“There are at least 400 recordings. I have to listen to all of them and turn them into a poetic novel. The podcasts are not about ego but about sharing the love for words, metaphor, self-teachings, wisdom and the poetry in vulnerability.
“The novel is not more important than the story we are living, a story which is very painful and very joyful at the same time. These extremes – I’m tired of these extremes. I just want to read on a beach and forget myself. I want to be my own cat.”
Ithaca can be elusive as a mirage. In Cassar’s own words: “I’m still living the story”, which implies that its protagonists can change, the storyline can detour in any which way. The characters in the story are not more important than the real people they represent.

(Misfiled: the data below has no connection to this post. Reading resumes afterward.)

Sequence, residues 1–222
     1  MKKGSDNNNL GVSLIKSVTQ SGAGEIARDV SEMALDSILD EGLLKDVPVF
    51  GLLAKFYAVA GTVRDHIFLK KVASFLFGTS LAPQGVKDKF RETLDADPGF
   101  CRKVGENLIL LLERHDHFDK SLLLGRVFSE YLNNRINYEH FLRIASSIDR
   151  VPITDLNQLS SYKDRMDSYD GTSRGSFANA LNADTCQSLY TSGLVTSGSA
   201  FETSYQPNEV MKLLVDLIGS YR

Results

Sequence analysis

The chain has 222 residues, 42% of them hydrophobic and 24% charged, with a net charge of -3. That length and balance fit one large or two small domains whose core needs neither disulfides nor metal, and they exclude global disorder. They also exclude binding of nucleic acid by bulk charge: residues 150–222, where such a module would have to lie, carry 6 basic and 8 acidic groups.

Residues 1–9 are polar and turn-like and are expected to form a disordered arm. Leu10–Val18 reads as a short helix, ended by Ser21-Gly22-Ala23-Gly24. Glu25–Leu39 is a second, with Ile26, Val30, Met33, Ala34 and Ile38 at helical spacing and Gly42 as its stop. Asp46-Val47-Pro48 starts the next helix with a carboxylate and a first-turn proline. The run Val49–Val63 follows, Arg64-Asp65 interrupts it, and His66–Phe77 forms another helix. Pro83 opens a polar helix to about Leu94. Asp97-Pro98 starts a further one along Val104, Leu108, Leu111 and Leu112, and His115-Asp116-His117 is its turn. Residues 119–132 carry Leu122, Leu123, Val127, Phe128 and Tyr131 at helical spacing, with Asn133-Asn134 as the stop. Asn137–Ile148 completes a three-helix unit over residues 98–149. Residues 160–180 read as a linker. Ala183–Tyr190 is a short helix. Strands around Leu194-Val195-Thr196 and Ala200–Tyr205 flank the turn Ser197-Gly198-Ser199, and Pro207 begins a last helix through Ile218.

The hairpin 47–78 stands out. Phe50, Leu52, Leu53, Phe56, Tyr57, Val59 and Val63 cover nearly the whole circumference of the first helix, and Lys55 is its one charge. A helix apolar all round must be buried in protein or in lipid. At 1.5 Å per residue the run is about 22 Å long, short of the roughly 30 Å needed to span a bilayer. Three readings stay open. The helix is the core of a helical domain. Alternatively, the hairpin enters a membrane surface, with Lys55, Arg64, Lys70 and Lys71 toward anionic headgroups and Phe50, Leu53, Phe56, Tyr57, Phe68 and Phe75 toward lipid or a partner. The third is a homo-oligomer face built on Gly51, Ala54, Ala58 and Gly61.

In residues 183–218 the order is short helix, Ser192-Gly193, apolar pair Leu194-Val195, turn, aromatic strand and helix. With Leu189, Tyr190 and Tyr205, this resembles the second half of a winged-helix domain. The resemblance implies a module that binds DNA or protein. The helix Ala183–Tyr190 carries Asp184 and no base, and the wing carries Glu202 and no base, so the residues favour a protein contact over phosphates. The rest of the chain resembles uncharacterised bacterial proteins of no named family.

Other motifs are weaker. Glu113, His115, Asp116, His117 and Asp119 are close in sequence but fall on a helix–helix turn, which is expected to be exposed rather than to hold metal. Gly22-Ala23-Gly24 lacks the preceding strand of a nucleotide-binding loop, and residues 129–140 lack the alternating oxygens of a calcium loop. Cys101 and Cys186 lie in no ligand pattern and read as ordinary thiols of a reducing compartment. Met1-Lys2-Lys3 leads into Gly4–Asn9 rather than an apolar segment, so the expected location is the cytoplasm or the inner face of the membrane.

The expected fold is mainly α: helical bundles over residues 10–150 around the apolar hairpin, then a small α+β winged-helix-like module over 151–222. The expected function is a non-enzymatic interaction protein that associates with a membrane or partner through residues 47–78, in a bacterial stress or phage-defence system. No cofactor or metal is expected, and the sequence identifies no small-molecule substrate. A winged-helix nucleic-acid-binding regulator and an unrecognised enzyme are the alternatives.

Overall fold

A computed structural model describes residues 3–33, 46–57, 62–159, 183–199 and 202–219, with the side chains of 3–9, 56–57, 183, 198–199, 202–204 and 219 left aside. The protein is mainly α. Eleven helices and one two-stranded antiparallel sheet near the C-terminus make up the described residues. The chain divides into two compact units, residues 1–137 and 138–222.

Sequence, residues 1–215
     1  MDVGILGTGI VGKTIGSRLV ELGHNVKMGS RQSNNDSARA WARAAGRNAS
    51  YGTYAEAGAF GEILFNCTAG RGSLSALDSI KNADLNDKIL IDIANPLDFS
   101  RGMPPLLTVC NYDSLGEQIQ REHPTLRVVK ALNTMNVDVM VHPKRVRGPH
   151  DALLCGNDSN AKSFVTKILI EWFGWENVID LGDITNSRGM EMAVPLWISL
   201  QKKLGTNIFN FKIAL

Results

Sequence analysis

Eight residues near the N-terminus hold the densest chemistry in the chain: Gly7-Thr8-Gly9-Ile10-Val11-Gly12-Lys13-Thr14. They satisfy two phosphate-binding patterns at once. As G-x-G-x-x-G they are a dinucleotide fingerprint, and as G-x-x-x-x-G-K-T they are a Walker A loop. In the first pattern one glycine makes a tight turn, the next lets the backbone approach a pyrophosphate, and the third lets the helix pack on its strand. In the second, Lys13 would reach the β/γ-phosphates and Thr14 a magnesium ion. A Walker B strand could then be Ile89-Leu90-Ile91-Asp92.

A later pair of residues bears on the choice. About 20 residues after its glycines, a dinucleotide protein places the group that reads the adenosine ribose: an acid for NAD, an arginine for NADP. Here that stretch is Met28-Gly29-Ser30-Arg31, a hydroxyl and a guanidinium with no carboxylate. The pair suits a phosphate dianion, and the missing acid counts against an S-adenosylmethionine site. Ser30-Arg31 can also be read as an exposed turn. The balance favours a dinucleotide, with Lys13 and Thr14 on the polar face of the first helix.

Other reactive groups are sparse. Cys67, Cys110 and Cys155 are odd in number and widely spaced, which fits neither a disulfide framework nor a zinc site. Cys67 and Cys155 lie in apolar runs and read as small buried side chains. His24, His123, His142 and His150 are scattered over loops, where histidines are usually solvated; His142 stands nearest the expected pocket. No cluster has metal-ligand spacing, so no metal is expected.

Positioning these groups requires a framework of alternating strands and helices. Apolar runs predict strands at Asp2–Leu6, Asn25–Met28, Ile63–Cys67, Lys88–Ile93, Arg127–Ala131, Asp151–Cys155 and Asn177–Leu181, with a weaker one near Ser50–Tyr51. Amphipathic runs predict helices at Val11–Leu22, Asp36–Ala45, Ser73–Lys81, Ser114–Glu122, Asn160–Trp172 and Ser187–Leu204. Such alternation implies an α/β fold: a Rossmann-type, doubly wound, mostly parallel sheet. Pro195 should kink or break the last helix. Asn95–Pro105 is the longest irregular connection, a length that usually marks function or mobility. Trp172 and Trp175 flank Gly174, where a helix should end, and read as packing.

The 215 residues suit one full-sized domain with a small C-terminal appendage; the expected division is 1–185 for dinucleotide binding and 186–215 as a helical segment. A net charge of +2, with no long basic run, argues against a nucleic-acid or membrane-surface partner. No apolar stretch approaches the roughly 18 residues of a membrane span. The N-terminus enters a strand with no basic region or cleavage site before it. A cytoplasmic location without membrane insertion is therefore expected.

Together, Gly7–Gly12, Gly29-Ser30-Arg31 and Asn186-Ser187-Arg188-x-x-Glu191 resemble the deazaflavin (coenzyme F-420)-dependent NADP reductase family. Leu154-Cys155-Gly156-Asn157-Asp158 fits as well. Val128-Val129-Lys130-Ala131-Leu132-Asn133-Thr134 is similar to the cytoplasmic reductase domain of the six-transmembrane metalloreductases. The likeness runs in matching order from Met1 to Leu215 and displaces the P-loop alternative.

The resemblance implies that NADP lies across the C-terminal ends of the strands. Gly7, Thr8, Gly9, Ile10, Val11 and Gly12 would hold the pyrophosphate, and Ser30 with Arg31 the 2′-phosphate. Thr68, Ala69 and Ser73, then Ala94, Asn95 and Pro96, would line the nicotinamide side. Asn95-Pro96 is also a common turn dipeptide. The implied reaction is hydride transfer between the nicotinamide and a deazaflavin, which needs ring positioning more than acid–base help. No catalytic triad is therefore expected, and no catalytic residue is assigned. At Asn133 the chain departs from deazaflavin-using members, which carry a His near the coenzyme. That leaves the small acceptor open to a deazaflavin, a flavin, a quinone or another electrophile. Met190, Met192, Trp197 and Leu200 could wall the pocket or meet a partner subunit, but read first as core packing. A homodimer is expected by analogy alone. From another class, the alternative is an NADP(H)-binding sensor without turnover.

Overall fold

The utter letting down of his guard to embrace all permutations in the fabric of his mutating spacetime could also lead him to Qrendi, the small Maltese village that he always calls home.
“Anywhere from where I can see Filfla is my Ithaca,” he asserts.
He is furious and uses colourful expletives to vent his anger towards a former Nationalist minister of the environment who is “massacring” the natural beauty of his Ithaca through some hideous building project that will forever ruin the magic of the Nigret neighbourhood in Żurrieq.
Cassar plans a trip to Malta later in the year to gather his belongings, his books, his poetry from his teenage years, the biography of a previous life, the shards and remnants that need to come together in one way or another.
Keeping a distance from Malta gives one perspective and time to evaluate the political turmoil that has overwhelmed Malta, especially since the end of last year. He debates coincidences, for instance, the title of Daphne Caruana Galizia’s biographical account Invicta and the famous tattoo ‘Invictus’ on the biceps of Malta’s former prime minister.
He has controversial opinions on the motive behind the murder of Caruana Galizia: “They blew her up to shut her son up. They killed the son by killing the mother.”